The King and I: A Visit to Graceland

KREATURE COMFORTS – “the Lowlife Guide to Memphis” – claims that Memphis can offer visitors “the best or worst of vacations: you could hit a jamming Keith Richards show on Beale Street or end up in line with 8,000 Elvis Zombies waiting to smell Elvis’s bicycle seat at Graceland. The choice is yours.”

I’ll take Graceland, thanks. Only inverted snobs contest the notion that the biggest musical phenomenon in Memphis – “Home of the Blues, Birthplace of Rock ‘n’ Roll” – was Elvis Presley. For the last 20 years of his life, he lived at Graceland. When he died, in 1977, its gates, with their wrought-iron musical notes, were the focus for mass weeping such as the world has seen only twice since: for Ayatollah Khomeini and Diana, Princess of Wales (neither of whom made any decent records). Presley’s death transformed the scale of Memphis tourism. A hundred new hotels have opened since. Graceland, the goal of this swollen pilgrimage, is almost as famous as he is.

Everyone thinks they know about Graceland. How tacky it is, how redneck vulgar and gross. As a true Elvis fan – one who therefore finds it hard to recommend anything he recorded after 1961 – I, too, came to scoff. I expected it to emanate a lethal mix of Colonel Parker’s Las Vegas Elvis and the stultifying buddy-buddyism of his “Memphis Mafia”, and that my fellow visitors would be obese women in Babar-sized trousers tottering on white high heels under nose cones of sticky hair.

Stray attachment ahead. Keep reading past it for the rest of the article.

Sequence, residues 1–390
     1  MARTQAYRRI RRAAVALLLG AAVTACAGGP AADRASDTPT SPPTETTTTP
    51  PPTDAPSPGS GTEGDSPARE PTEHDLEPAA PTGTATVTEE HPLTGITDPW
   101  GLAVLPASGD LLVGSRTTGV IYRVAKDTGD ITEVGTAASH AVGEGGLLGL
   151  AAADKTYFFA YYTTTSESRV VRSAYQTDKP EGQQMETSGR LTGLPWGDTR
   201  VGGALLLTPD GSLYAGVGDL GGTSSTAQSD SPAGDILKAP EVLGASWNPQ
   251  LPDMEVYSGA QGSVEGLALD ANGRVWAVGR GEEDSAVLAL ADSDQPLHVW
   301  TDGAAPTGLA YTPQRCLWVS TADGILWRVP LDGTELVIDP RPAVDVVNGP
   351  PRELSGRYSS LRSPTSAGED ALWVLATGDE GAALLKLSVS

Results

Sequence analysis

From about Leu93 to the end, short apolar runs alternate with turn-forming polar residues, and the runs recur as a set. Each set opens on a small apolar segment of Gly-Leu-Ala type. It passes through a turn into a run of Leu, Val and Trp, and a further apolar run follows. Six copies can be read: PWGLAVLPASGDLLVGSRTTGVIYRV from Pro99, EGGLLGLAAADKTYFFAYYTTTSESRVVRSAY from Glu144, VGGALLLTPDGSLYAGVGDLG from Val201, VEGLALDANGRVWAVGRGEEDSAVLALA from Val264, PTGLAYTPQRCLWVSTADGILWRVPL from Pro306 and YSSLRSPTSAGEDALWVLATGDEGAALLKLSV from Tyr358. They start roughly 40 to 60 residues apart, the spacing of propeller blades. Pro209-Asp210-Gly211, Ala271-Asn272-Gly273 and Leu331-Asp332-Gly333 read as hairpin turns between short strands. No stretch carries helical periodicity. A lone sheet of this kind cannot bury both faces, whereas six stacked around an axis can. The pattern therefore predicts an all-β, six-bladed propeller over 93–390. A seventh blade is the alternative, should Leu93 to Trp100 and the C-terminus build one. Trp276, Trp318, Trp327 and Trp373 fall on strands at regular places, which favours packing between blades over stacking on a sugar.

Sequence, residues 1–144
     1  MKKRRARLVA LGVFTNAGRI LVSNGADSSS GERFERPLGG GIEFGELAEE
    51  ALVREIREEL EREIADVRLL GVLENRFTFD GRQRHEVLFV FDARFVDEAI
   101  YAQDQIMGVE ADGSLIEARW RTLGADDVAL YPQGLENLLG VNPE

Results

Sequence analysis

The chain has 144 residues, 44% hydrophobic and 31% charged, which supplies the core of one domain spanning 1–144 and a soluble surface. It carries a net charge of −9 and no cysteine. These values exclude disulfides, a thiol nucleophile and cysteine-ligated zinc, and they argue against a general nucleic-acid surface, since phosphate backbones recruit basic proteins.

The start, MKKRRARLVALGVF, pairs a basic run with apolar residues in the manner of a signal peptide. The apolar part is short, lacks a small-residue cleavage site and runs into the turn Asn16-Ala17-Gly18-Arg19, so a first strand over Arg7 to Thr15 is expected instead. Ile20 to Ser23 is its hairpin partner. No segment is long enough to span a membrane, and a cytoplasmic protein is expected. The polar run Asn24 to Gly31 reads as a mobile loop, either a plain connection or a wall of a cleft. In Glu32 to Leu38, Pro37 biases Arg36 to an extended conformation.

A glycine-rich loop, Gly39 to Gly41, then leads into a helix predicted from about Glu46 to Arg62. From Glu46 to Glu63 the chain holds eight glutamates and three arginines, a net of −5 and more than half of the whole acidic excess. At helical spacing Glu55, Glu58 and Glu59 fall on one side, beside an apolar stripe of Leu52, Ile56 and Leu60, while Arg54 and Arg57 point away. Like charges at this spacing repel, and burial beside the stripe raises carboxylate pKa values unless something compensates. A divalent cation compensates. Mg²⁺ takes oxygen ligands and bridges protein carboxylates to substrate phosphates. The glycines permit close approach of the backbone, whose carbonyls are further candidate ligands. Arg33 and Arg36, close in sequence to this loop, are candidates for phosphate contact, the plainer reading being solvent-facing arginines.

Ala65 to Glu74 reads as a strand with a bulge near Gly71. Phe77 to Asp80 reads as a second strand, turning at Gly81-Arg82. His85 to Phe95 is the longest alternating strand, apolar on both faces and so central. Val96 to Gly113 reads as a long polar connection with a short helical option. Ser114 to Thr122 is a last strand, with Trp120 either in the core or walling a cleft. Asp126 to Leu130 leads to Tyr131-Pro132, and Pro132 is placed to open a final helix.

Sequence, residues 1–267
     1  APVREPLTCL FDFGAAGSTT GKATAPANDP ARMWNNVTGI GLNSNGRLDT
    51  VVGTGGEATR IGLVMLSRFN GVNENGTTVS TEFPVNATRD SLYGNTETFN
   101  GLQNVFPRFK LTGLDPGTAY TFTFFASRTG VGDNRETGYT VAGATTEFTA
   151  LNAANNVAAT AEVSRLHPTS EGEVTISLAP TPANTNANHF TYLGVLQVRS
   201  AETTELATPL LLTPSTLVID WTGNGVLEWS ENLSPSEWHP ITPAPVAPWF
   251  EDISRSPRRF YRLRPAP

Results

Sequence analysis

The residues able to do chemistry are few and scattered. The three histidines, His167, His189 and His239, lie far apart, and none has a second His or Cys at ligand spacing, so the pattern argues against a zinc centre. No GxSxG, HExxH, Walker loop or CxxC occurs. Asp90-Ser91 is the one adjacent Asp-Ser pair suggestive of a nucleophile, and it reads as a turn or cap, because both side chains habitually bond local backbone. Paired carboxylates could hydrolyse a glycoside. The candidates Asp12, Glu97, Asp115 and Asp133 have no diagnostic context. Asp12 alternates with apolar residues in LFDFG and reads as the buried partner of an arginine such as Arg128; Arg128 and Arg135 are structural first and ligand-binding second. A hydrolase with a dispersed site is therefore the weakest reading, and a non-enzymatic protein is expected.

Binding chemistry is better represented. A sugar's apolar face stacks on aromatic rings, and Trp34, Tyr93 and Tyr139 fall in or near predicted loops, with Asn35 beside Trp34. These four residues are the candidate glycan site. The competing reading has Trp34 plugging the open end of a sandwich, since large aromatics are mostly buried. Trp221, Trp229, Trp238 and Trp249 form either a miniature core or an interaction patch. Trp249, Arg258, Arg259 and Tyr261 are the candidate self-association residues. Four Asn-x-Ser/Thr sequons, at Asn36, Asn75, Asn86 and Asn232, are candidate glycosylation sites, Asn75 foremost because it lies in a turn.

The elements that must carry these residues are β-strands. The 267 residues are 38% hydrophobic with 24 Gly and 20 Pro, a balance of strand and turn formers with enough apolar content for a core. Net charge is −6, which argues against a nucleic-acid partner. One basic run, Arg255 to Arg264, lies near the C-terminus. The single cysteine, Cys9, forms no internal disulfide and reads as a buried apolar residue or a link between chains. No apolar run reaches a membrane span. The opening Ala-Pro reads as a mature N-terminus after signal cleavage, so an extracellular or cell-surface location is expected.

Driving out from downtown along bleak Elvis Presley Boulevard, the first thing you see is Heartbreak Hotel: “A new place to dwell. Heart-shaped swimming-pool. Affordable rates”. Then the car parks and an airport terminal’s worth of “facilities”: a vast reception area with Elvis soundtrack, Elvis video screens and long queues for tickets. The $25 Platinum Tour includes the Mansion, car museum, Sincerely Elvis Museum and the aeroplanes. You file past the Post Office (closed) and Burger & Soda Bar (open) to the shuttle buses. Many of the punters are well dressed and articulate; all races and ages are there.

The 42-seater buses arrive incessantly. Headsets guide you on your journey. You can repeat bits and pause at will (though few senior pilgrims manage more than clamping them to their ears). Snippets of hits chime in resourcefully as a voice intones: “Just across the street, beyond the stone wall” – it’s brick – “is Graceland Mansion. The shuttle will take you through the famous gates and up to the house.” Here Elvis breaks into “Welcome to my world – won’t you come on in?”, retreating before the narrator’s “You’re about to hear the story of Elvis’s life and phenomenal career. He’ll tell you some of the story himself.” As comically ghoulish as you could wish.